Cash cropping and food crop productivity: synergies or trade-offs?
The case for promoting export-oriented cash crops in Africa has generally been based on their direct potential contribution to agricultural productivity and small farmer incomes. A relatively neglected avenue of research concerns the synergistic effects that cash cropping can have on other household activities, including food production. The conventional view that cash crops compete with food crops for land and labour neglects the potential for cash crop schemes to make available inputs on credit, management training, and other resources that can contribute to food crop productivity, which might otherwise not be accessible to farmers if they did not participate in cash crop programs. This article builds on previous research by hypothesising key pathways by which cash crops may affect food crop activities and empirically measuring these effects using the case of cotton in Gokwe North District in Zimbabwe. Analysis is based on instrumental variable analysis of survey data on 430 rural households in 1996. Results indicate that_.after controlling for household assets, education and locational differences-households engaging intensively in cotton production obtain higher grain yields than non-cotton and marginal cotton producers. We also find evidence of regional spill-over effects whereby commercialisation schemes induce second round investments in a particular area that provide benefits to all farmers in that region, regardless of whether they engage in that commercialisation scheme. The study suggests that the potential spill-over benefits for food crops through participation in cash crop programs are important to consider in the development of strategies designed to intensify African food crop production. © 2002 Elsevier Science B.V. All rights reserved.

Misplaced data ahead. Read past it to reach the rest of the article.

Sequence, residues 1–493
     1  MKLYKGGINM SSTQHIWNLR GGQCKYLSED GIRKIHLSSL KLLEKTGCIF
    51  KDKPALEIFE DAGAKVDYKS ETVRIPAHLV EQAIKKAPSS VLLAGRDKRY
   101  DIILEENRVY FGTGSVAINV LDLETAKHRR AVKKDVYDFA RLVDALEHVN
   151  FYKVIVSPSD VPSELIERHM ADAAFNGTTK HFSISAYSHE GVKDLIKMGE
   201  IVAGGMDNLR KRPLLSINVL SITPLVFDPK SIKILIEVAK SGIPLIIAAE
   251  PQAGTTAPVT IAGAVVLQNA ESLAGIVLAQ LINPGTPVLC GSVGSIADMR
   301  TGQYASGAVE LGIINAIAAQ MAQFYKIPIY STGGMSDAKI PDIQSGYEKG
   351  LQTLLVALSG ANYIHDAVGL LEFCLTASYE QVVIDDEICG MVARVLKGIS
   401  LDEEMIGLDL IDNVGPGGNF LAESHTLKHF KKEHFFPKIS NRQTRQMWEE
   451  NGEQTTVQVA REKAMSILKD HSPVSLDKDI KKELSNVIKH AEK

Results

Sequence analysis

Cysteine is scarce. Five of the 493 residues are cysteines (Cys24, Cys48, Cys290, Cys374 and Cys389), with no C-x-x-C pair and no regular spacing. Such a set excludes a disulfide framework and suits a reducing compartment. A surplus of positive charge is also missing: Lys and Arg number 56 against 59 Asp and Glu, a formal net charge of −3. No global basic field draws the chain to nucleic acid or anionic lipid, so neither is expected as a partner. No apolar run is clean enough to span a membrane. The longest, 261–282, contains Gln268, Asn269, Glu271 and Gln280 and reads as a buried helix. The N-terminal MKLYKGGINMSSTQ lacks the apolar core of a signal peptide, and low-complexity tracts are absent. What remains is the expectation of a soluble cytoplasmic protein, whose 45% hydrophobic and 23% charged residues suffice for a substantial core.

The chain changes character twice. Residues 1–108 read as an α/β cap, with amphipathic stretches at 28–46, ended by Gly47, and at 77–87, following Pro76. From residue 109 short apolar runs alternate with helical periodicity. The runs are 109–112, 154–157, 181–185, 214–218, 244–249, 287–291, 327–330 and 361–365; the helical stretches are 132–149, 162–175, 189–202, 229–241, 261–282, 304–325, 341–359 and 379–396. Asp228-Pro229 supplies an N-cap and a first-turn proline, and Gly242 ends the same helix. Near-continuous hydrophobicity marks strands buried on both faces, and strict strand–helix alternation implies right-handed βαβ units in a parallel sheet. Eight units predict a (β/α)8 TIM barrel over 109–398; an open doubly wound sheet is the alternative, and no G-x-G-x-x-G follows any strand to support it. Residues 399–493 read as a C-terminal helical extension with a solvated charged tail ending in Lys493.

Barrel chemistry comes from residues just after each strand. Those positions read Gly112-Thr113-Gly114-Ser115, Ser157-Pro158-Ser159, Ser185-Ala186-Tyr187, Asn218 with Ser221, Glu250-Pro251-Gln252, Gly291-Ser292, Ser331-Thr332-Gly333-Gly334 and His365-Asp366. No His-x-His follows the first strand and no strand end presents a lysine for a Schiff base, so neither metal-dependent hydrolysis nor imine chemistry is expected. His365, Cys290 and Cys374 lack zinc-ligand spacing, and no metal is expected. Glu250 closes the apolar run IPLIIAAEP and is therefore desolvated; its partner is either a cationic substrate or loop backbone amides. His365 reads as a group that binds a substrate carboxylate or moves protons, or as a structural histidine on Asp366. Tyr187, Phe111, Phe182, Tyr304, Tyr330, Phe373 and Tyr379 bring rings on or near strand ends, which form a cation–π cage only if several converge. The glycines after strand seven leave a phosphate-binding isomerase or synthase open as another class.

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Food Security International Development Policy Syntheses
11459, Michigan State University, Department of Agricultural, Food, and Resource Economics.
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